Why Are Hackers Targeting Your Computer? What Do They Want?

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One of the questions we hear a lot goes something like, why are hackers targeting my computer or network? What do they want? The main reason is usually financial, they want money. However, there are a lot of reasons why an attacker may be trying to access your computers. In this post, we will explore the reasons why attackers will target small practices and businesses. You will learn many of the reasons behind their motivations so you can better protect yourself and your practice.

The top reasons hackers are targeting your computer

Let’s get one thing cleared up here before we begin. Usually, an attacker is not looking for you or your practice specifically. Most attackers will cast a very wide net hoping to capture as many people as possible. Think of it like a burglar going to each house in a subdivision and trying the front door. The ones that are locked or have an alarm system, he skips. But the ones that are unlocked, he goes in. Hackers work the same way. They will scan large parts of the Internet looking for specific vulnerabilities. When they find one, they will use it to gain access to a system. They may also send out millions of phishing emails and when a victim responds, they will attack those victims.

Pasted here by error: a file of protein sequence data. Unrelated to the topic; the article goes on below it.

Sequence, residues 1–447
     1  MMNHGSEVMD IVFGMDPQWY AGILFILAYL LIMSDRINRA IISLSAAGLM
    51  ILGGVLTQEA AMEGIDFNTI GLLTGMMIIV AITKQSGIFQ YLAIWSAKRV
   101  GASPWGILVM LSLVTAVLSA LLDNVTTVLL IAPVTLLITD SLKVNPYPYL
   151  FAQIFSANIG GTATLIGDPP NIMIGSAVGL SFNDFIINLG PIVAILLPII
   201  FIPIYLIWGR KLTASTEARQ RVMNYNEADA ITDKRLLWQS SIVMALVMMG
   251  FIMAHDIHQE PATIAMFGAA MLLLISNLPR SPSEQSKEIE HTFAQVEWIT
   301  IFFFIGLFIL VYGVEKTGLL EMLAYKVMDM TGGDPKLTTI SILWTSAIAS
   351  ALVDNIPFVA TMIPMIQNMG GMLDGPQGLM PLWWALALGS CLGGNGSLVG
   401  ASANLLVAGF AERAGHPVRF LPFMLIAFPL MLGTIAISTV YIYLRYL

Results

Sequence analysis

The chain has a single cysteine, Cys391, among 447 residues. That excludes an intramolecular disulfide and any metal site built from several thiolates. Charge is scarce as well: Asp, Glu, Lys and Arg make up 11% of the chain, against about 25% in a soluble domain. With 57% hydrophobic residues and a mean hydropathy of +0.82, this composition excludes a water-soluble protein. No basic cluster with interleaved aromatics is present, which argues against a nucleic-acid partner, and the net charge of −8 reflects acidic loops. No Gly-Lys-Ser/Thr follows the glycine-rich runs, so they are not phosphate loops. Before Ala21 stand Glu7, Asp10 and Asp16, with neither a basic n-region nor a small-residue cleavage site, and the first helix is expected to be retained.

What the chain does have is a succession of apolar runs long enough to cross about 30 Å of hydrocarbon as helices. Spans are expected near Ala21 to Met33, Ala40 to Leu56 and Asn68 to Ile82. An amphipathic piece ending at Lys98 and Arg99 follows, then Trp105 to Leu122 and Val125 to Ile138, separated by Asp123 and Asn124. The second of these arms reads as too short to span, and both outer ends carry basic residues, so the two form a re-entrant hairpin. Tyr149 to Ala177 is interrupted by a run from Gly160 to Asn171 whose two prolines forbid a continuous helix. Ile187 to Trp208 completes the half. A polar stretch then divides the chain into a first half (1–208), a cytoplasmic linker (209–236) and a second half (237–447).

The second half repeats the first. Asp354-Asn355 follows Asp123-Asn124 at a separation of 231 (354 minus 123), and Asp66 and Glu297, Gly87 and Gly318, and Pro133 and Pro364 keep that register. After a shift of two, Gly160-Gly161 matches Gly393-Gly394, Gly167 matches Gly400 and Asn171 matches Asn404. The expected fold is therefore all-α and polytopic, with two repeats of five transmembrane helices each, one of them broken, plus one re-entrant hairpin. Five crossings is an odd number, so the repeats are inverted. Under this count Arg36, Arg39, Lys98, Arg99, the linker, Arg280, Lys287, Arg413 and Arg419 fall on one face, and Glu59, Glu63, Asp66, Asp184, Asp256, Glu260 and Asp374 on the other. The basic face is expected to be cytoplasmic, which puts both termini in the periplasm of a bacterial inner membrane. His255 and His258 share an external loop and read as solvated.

It’s often as simple as that, a numbers game.

Financial Data

This is the most common target to go after. This will include your bank account information, credit cards, tax filing information, your investment accounts, and loans. Attackers can use each of these to make money.

Bank accounts: an attacker could transfer money to himself from your online banking

Credit cards: credit card accounts sell for about $4 each on the Darkweb. So simply having your account information could make money for an attacker. But generally, they will use a single user’s account to make fraudulent purchases.

Tax filings: a relatively new form of attack is to file for the victim’s tax refund before they do. This is a quick win for the attacker and can be a large amount of money.

Investment accounts: Similar to your bank accounts, an attacker could transfer money or assets to their own accounts.

Loans: depending on the type of loan account, an attacker could transfer money from your online account to their own accounts.


This is a new form of attack with the proliferation of social media. Attackers could use your accounts to pretend to be you and make damaging posts under your name. They could also use your accounts as part of a larger agenda to post fake news across the Internet. Lastly, they could use your email accounts to send out email pretending to be from you. This increases the chances that the emails would be opened by others.

Hijacked Server

Once an attacker has access to your server, there are a lot of things that it can be used for. A common use is to host illegal content and distribute it to others online. This could be anything from pirated software to child pornography. Attackers could even use your server as a way to distribute malware to others. Since most hacked servers are never discovered by their owners, this provides a safe place to store large amounts of illegal content.


If an attacker thinks you are worth the effort, they would want to have access to your email messages. These could be used to steal financial information or personal data. This could be used for theft or blackmail by the attacker.